This article has been reviewed according to Science X's editorial process and policies. Editors have highlighted the following attributes while ensuring the content's credibility:


peer-reviewed publication

trusted source


Researchers study the functions of B4GALT3 in cancer immunity

Cancer's sweet Achilles heel
Weakly immunogenic and strongly immunogenic tumor cells were subcutaneously transplanted into B4GALT3 knockout and wild-type mice to compare tumor cell growth in knockout and wildtype mice. Credit: KyotoU Jake Tobiyama/Heng Wei

An old campaign slogan for cough syrup, "It tastes awful. And it works," seemed to imply that any sweet content might have diminished the medicinal effect.

Sweetness, in the case of cancer, appears as a chain of sugar molecules attached to proteins by beta1,4-galactosyltransferase-3, or B4GALT3. According to the Cancer Genome Atlas, a high expression of this enzyme is associated with noticeably shortened in several types of immunotherapy cancers, such as neuroblastoma, cervical, and . However, the specific role of B4GALT3 in the tumor immune microenvironment—or TIME—was still unknown.

Now, a team of researchers at Kyoto University and Yokohama City University has found that B4GALT3 deficiency in mice TIME inhibits tumor growth. The study shows that a significant reduction of glycosylation—a type of protein modification—on T cell surfaces correlates with increases in CD8+ infiltrating tumors.

The paper, "Beta-1,4-galactosyltransferase-3 deficiency suppresses the growth of. immunogenic tumors in mice," appeared in Frontiers in Immunology.

"In B4GALT3 knockout or KO mice, we demonstrated the potential of manipulating glycosylation of the T cell surface as a new approach to cancer immunotherapy," says Heng Wei of Kyoto University's Graduate School of Medicine.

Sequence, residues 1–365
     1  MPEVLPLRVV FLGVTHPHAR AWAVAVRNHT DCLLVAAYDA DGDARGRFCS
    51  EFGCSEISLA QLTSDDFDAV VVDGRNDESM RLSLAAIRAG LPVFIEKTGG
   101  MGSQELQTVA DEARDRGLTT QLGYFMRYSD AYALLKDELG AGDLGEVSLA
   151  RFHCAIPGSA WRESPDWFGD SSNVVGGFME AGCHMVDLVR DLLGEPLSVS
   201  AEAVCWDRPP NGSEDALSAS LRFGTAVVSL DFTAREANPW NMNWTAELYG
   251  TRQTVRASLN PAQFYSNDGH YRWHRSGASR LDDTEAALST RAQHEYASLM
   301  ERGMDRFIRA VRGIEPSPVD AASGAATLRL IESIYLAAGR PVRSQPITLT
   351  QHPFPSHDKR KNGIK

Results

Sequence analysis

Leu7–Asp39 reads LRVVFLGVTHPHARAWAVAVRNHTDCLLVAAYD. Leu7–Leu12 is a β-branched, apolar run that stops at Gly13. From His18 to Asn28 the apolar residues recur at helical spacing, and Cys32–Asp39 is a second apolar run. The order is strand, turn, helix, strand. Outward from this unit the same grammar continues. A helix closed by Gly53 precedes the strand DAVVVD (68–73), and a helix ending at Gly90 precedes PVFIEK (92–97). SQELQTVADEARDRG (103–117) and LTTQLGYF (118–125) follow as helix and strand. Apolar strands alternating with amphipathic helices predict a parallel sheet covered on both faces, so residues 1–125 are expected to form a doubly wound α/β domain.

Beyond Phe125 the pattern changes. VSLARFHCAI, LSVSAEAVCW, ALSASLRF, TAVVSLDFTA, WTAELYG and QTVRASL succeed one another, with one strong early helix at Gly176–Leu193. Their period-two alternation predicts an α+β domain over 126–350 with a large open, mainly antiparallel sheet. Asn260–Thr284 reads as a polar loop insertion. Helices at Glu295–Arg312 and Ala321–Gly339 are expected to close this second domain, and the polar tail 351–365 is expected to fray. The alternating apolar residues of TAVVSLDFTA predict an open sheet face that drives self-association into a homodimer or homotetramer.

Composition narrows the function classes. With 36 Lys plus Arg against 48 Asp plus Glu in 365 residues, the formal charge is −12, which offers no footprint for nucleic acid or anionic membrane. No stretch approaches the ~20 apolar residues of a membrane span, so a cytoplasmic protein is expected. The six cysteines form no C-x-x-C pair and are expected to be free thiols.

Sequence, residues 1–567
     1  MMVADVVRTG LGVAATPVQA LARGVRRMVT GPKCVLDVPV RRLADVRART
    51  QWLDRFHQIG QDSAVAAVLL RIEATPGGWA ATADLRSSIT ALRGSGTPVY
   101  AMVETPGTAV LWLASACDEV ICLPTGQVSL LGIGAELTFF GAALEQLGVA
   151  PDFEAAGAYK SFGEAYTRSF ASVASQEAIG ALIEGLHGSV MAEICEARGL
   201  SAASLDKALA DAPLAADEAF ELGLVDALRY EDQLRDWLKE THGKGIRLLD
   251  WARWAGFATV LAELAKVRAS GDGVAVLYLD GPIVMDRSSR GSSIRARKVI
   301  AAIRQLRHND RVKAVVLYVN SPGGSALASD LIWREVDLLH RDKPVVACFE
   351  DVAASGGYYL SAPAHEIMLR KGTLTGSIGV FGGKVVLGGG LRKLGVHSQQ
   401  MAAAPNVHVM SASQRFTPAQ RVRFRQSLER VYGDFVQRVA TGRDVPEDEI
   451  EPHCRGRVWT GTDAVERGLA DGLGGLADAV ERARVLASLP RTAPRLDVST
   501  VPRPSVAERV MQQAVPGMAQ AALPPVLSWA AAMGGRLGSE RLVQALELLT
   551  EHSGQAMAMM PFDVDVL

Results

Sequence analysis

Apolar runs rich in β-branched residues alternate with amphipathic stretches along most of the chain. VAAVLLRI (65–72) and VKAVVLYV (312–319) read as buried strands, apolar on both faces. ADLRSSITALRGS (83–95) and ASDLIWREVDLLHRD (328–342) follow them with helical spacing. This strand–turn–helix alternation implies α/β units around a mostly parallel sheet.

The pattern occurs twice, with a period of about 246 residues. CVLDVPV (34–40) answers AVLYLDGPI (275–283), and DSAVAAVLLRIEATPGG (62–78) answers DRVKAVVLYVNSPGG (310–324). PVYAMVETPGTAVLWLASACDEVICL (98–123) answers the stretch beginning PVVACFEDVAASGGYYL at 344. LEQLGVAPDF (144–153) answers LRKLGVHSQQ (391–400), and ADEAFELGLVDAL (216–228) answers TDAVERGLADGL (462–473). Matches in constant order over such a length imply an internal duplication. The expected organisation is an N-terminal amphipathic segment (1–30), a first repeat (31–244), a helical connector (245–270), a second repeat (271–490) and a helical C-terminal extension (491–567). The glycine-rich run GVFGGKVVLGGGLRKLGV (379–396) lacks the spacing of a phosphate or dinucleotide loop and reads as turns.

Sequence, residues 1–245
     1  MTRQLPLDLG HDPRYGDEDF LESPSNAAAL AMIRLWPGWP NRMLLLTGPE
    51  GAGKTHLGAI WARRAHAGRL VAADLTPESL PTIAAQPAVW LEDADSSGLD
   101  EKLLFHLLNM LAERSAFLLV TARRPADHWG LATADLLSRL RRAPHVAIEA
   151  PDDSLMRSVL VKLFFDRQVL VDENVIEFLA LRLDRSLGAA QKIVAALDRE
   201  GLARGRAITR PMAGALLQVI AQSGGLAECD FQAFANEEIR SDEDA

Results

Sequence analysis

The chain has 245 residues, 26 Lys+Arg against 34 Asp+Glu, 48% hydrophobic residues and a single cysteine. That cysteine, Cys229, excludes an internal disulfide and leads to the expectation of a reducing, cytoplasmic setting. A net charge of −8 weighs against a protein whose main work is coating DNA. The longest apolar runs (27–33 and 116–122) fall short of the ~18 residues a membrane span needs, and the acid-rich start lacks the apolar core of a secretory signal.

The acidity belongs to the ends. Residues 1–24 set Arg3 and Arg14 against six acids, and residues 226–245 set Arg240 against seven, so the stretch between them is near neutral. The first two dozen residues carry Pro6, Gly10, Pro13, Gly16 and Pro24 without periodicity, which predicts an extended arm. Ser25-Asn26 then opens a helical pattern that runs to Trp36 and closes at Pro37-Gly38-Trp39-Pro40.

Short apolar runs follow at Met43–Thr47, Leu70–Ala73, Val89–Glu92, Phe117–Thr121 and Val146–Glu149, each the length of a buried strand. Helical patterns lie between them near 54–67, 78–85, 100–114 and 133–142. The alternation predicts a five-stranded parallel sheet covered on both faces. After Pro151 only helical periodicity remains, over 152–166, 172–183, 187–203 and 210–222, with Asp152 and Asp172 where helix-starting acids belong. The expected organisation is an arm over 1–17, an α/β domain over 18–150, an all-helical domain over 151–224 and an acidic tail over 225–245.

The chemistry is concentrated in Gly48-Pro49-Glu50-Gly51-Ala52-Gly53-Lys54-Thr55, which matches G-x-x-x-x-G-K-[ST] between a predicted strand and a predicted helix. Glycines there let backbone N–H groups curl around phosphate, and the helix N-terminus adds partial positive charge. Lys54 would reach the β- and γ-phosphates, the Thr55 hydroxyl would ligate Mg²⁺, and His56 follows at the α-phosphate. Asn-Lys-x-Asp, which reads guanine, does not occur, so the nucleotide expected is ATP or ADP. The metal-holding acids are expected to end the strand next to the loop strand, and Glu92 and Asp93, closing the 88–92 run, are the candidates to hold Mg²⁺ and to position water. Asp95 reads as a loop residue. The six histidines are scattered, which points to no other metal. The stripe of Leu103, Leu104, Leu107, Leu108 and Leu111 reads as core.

By purifying and enzymatically cleaving them to enrich glycopeptides, the team could identify the sites and structures of glycans—complex and highly branched sugar chains—and the amount of glycoproteins. The role of glycans has attracted much attention in studies on , which proliferate and metastasize, depending on their interaction with their microenvironment.

The team subcutaneously transplanted weakly immunogenic and strongly immunogenic tumor cells into B4GALT3 knockout and wild-type mice, to examine for tumor cell growth. Only the knockout mice suppressed the growth of strongly immunogenic tumor cells.

In addition, the increased CD8+ T cells in knockout mice secreted anti-cancer compounds interferon-γ and granzyme B.

"We found that the loss of B4GALT3 caused significant fluctuations in in the immune system, a discovery which has significantly changed the direction of our next phase of research," adds co-author Chie Naruse.

"We have gained insight into the role of glycans in cancer progression and , inspiring possibilities of B4GALT3-centered cancer therapies," says team leader Masahide Asano.

More information: Heng Wei et al, Beta-1,4-galactosyltransferase-3 deficiency suppresses the growth of immunogenic tumors in mice, Frontiers in Immunology (2023). DOI: 10.3389/fimmu.2023.1272537

Journal information: Frontiers in Immunology
Provided by Kyoto University
Citation: Researchers study the functions of B4GALT3 in cancer immunity (2023, October 26) retrieved 20 July 2024 from
This document is subject to copyright. Apart from any fair dealing for the purpose of private study or research, no part may be reproduced without the written permission. The content is provided for information purposes only.

Explore further

Study finds carcinogen exposure makes cancer cells more susceptible to immune attack


Feedback to editors